However, although the SEIA may be encouraging dialogue between the EU and China, the reaction to the US involvement in the trade case has not been mirrored across the pond.

Milan Nitzsche, president of EU ProSun, who lodged the complaint with the European Commission last year against Chinese manufacturers told PV-Tech that “SEIA in the USA doesn't represent the manufacturing industry”.

“It is striking that the Shanghai declaration does not mention in any instance what the whole issue is about – the Chinese dumping. However the solution to the problem is very simple. Dumping must be stopped in order to get back to a level playing field and sustainably growing markets.”

Nitzsche added: “If the EU foregoes the customs duties, China will never agree on negotiations and the destructive dumping will never stop.”

A spokesman for the Alliance for Affordable Solar Energy, an association lobbying the Commission to not impose duties told PV-Tech: “Over 530 companies supporting AFASE welcome a solution that avoids price increases, taking into account the interests of the EU upstream and downstream solar industry.

“Moreover, if a negotiated solution is to be found, no provisional anti-dumping duties should be imposed as these duties will immediately put a halt to most of the PV projects in the EU and cause severe damage that no negotiation concluded after the imposition of provisional duties can ever repair,” said the spokesman.

He continued: “Punitive tariffs – no matter at what level – could cause irreversible damage to the entire European PV value chain.”

According to the market analysts at IHS, China's exports to the EU currently average €0.52 per watt; however a 47% anti-dumping duty could result in components costing €0.74 per watt, higher than the European average price of production components.

The Trina spokesman said: “Following price increases for Chinese products, EU and other non-Chinese modules would be offered at substantially increased prices, leading to significantly weakened demand, thereby affecting the entire PV value chain.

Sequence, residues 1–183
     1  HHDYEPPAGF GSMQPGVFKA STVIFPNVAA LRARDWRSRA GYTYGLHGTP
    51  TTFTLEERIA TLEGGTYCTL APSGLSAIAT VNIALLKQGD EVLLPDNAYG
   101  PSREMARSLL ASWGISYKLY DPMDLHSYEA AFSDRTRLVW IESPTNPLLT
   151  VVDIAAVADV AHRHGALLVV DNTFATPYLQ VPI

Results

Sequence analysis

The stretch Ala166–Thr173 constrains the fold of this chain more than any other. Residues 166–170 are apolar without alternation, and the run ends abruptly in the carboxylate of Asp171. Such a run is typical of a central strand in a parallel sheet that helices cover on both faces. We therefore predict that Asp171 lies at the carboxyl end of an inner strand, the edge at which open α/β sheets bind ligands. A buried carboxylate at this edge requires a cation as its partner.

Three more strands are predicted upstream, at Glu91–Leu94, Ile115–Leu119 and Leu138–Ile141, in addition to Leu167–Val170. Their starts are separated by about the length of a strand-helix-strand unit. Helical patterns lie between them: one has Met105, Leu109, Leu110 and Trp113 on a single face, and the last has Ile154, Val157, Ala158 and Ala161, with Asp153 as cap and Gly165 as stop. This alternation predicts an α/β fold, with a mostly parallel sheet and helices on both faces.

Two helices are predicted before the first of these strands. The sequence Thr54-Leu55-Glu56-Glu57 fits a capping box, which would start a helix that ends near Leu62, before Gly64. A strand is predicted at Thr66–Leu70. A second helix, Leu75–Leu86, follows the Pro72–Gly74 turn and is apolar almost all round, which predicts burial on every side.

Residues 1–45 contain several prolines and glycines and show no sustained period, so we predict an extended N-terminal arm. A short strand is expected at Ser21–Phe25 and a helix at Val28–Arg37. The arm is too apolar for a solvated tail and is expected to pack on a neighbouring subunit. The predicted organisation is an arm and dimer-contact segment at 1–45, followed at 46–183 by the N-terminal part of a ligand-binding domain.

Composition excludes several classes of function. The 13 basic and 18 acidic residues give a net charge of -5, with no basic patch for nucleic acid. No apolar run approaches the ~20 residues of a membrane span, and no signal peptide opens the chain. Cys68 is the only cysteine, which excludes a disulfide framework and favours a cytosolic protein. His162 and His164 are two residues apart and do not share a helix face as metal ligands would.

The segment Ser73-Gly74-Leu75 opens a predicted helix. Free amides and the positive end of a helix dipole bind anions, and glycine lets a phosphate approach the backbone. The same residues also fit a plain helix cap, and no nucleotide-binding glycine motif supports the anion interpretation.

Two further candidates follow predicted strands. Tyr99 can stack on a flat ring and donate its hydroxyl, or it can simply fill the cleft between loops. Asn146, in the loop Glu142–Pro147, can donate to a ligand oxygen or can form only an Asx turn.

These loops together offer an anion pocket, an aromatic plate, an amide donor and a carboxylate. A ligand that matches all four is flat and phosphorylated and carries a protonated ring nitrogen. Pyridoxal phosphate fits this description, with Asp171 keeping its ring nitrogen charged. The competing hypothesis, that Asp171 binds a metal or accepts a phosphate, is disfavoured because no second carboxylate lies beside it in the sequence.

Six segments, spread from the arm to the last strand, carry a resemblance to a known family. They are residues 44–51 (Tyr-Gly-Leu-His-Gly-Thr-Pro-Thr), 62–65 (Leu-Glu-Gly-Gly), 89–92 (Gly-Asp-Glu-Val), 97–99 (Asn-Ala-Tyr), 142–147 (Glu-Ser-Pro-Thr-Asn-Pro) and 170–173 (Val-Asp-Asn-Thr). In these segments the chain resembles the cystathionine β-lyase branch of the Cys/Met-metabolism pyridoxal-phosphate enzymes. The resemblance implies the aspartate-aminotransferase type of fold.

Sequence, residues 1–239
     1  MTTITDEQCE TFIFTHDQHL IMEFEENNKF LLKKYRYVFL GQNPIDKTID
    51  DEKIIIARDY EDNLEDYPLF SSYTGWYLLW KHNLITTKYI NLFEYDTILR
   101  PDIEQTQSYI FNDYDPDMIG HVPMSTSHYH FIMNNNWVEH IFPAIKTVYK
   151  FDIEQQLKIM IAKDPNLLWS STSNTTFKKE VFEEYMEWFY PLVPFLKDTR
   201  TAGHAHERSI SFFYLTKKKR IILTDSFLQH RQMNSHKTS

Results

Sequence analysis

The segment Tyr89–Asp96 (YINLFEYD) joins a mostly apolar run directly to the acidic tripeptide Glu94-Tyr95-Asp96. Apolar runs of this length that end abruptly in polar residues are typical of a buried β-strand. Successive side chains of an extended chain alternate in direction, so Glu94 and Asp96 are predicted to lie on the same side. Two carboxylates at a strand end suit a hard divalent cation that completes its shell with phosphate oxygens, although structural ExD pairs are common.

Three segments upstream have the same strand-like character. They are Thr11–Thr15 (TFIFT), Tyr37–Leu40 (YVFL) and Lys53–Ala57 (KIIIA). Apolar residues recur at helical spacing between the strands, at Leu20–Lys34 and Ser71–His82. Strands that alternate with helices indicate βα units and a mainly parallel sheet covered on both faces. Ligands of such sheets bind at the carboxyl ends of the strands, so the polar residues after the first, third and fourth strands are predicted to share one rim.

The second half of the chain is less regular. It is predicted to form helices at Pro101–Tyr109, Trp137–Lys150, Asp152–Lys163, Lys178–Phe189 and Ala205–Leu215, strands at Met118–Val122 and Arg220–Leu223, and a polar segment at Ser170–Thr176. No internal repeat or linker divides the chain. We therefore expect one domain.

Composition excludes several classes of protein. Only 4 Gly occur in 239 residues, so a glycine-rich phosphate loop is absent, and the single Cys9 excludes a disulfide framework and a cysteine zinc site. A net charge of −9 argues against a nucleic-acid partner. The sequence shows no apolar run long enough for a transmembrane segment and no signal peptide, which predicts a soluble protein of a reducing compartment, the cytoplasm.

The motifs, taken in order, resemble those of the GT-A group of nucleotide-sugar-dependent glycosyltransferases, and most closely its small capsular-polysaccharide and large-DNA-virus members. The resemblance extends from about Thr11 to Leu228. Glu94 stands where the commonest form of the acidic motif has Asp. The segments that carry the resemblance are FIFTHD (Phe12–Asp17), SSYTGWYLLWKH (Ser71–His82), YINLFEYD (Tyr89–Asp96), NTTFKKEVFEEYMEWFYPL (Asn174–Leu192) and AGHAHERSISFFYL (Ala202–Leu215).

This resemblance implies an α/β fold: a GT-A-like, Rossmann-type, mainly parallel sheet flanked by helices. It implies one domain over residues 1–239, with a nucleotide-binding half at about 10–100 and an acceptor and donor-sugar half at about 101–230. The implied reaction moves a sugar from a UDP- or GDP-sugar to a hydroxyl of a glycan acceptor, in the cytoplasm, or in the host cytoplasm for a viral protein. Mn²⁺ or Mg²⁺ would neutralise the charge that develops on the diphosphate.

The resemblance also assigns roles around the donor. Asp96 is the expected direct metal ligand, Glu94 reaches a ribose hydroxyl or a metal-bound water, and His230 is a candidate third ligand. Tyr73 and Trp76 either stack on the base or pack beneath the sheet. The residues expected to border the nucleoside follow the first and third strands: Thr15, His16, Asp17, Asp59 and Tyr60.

“The majority of the European solar industry would be the losers of an initiative driven by only a few sector representatives following their individual interests. The growth of solar energy in the EU depends on the reduction of the cost of solar installations. Around 70% of the PV supply chain´s value in the EU market is created in Europe according to the European Photovoltaic Industry Association, EPIA.

“The negative effect of duties would exceed by far their small positive impact on European manufacturers. The reason being that the majority of the jobs in the European solar industry are situated before or after the manufacturing of solar wafers, cells or modules.

“What is more, their production capacity is very small and far from being capable to meet demand as currently forecasted with or without the imposition of duties,” concluded the spokesperson.

US President Barak Obama is expected to meet with President Xi Jinping of China on 7-8 June when the preliminary determination from the European Commission will have been announced. The White House said President Obama and President Xi will hold in depth discussions on a wide range of bilateral, regional and global issues, although it is yet to be confirmed whether the EU-China trade case will play a part in their meetings.